The Widebody Hellcat however is still being produced and starts at $63,795. My tester for the week with all the options I could ever want topped out at $78,770.
And I can assure you that it is absolutely worth every single dollar.
I’ve driven many cars over the years, and I like many of my fellow gearheads was salivating like Pavlov’s dog when the Demon was debuted. I knew I could never have one. But with this Challenger SRT Hellcat Widebody I learned I can have just as much fun; without the worry or expense that comes along with the Demon and those 840 horses.
This will be at the top of my all-time favorite street cars for some time I imagine, and it will be hard to kind something that will knock it off.
2018 Dodge Challenger SRT Hellcat Widebody
MSRP (as tested): $78,770
Engine: 6.2-liter supercharged V8, 707hp @ 6000 rpm, 650 lb-ft torque @ 480 rpm
Transmission: TorqueFlite 8HP90 eight-speed automatic with paddle shifters
Fuel Mileage (EPA): 13 city, 22 highway, 16 combined
Fuel Mileage (as tested, mixed conditions): 15 mpg
Base Curb Weight: lbs 4448
Wheelbase: in 116.2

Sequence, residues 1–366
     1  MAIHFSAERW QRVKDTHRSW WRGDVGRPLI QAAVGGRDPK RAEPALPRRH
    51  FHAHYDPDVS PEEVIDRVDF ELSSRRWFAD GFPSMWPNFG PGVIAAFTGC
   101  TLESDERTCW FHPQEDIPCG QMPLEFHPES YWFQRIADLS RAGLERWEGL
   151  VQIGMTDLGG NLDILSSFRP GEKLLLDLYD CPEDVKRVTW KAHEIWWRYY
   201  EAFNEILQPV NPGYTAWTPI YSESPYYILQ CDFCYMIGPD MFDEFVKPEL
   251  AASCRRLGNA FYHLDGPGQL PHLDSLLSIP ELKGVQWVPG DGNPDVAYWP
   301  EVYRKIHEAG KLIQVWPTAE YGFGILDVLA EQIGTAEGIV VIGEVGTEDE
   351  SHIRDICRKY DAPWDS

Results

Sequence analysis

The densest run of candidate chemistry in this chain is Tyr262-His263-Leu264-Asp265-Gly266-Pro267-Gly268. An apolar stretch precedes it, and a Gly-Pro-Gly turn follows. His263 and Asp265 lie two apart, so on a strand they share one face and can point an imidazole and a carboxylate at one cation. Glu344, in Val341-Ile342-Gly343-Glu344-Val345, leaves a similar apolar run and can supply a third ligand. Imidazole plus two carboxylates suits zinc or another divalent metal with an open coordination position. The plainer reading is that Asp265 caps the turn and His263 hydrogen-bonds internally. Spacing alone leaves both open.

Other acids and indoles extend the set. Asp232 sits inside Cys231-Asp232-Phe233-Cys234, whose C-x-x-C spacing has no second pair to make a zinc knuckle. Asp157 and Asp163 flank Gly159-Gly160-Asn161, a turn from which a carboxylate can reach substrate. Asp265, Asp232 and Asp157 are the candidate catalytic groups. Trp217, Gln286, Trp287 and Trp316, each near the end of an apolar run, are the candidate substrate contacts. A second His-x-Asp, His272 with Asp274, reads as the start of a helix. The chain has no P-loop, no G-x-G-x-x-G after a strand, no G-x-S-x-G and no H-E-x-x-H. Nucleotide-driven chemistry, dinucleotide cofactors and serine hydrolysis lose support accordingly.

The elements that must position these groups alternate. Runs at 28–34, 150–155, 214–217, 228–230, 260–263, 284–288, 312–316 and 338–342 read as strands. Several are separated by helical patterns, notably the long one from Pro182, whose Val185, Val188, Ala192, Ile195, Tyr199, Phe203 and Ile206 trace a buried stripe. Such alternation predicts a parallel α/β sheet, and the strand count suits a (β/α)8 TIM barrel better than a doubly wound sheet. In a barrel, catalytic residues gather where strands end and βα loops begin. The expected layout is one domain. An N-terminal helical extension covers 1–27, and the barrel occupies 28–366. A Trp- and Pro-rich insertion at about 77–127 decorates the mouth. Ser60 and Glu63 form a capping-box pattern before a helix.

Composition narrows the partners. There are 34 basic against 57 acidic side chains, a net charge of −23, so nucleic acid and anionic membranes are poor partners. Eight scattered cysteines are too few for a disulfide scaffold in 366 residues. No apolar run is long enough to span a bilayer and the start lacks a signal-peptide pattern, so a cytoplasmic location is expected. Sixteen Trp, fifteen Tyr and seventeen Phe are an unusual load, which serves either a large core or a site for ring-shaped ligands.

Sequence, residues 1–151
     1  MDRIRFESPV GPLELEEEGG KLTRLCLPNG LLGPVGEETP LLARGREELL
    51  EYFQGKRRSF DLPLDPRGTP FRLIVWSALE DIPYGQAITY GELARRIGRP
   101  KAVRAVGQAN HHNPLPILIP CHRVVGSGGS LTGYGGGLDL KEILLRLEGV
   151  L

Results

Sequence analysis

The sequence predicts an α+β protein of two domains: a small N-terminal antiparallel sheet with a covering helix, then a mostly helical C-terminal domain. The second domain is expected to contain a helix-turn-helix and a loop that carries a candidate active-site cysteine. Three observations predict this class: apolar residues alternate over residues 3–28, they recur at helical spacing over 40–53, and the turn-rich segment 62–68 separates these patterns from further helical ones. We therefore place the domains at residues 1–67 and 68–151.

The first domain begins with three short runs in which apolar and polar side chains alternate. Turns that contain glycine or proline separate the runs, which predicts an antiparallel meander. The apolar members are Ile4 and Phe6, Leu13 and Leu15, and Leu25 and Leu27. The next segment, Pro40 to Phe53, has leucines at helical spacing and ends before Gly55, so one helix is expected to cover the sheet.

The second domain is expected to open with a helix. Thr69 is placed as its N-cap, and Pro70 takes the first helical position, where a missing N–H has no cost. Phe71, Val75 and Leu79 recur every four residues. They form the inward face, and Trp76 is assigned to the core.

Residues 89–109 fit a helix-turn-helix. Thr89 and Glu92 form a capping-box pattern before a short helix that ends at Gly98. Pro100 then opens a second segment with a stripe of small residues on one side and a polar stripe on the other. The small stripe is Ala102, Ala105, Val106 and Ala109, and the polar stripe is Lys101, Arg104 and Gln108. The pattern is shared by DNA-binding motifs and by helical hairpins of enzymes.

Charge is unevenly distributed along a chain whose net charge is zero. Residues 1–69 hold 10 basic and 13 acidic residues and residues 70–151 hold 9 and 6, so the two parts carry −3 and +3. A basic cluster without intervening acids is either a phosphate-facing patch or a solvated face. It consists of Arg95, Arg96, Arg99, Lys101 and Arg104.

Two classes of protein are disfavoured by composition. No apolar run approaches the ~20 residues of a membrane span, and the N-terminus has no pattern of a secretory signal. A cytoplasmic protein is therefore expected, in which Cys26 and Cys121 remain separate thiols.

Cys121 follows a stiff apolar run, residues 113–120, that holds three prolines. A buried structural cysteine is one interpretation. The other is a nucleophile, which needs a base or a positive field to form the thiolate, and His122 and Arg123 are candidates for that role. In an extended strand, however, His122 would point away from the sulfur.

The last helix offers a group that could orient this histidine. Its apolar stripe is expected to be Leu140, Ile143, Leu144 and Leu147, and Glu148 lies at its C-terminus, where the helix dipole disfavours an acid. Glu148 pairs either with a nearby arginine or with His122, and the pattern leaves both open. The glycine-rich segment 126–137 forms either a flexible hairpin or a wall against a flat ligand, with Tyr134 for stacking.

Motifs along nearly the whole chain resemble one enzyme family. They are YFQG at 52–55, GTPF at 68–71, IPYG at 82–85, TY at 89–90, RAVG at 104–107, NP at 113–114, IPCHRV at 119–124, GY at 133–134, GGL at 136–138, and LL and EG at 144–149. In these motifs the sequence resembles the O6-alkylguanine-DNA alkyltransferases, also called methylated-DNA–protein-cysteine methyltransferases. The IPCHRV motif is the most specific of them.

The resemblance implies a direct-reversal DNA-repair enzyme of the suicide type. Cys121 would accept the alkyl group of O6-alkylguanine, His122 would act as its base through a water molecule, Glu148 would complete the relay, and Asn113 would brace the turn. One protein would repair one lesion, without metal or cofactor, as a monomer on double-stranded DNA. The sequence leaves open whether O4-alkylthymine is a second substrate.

Length, Overall: in 197.5
Width, Max w/o mirrors: in 79.2
Height, Overall: in 55.7
Track Width, Front: in 64
Track Width, Rear: in 63.7
Min Ground Clearance: in 4.5
Liftover Height: in 33.2
Passenger Capacity: 5
Passenger Volume: ft³ 93.9
Front Head Room: in 39.3
Front Leg Room: in 42
Front Shoulder Room: in 58.5
Front Hip Room: in 55.3
Second Head Room: in 37.1
Second Leg Room: in 33.1
Second Shoulder Room: in 53.9
Second Hip Room: in 47.8
Basic: 3 Years/36,000 Miles
Drivetrain: 5 Years/60,000 Miles
Corrosion: 5 Years/Unlimited Miles
Roadside Assistance: 5 Years/60,000 Miles
Latest posts by Greg Engle (see all)
- Fiat 500L update: Still Trekking - October 15, 2019
- Caraganza First Drive Review 2020 GMC Acadia Denali: Life inside the comfort zone - October 6, 2019
- Chevy makes surprise Corvette race car debut at Corvette convertible reveal - October 3, 2019
- Caraganza First Drive Review 2019 BMW X4 M40i: Baby got (fast) back - September 16, 2019